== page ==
Martha Lane Fox’s review of Directgov appears to have taken a slightly wider view than simply how well everyone’s favourite orange website works. Speaking at a conference in Birmingham, Cabinet Office director of digital delivery Graham Walker said:
We’ve been doing a review of Directgov and most of government on the web. We can see that there is a need to massively simplify it, with a lot more rationalisation and to improve the user experience.
Most of government on the web? More rationalisation? I’ve been hearing rumours that Ms LF’s recommendations may include a stronger role for Cabinet Office in departmental / policy publishing, much as it already has (through Directgov) in citizen-facing material. Are we looking at a single super-site for departments?
On a superficial level, that’s a return to the Dark Ages of 1994, when departments used to send floppy disks in the post to Norwich, where someone from CCTA would mark them up into HTML, and FTP them over to the Government Information Service (aka open.gov.uk). It’s also a return to the expensive and ultimately unsuccessful notion of The Club / DotP, which would have seen all departments running on the same (bespoke) CMS as Directgov and DH.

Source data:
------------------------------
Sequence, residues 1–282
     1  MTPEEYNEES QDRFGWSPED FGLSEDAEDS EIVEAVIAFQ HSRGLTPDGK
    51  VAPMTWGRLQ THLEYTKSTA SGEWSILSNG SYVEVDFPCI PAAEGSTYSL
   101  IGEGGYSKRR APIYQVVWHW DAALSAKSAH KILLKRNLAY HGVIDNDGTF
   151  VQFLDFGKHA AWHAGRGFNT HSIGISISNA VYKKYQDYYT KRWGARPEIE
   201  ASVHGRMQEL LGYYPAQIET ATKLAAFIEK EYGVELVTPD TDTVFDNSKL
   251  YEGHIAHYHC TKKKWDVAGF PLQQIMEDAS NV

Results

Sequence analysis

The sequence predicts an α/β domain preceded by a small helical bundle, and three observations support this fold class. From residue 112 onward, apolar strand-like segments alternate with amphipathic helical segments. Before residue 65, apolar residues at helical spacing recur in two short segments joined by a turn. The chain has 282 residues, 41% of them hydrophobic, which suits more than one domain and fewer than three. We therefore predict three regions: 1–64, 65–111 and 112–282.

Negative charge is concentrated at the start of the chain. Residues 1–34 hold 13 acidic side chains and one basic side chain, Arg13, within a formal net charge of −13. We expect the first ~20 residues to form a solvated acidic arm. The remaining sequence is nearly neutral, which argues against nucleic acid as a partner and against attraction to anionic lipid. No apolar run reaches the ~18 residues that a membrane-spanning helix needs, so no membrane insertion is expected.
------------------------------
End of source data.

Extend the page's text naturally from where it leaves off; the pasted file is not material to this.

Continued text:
But a lot has changed in the past year or two – and it’s possible to envisage more modern publishing infrastructures, based on a managed multisite approach. You can look at what we’ve done on WordPress for Defra as an example: a centrally controlled environment, with the root level defining aspects like primary navigation and plugin selection, but with a high degree of flexibility and freedom given to the various child sites.
So yes, I can see why such a move would seem desirable – Directgov has been a success, at a very high price of course, and consistency of presentation and UX wouldn’t be a bad thing. (Indeed, I’ve written here previously, in praise of greater presentational consistency.) And yes, I believe it’s now technically realistic, in a way it never was before.
The precedents give plenty of reason to be pessimistic, though.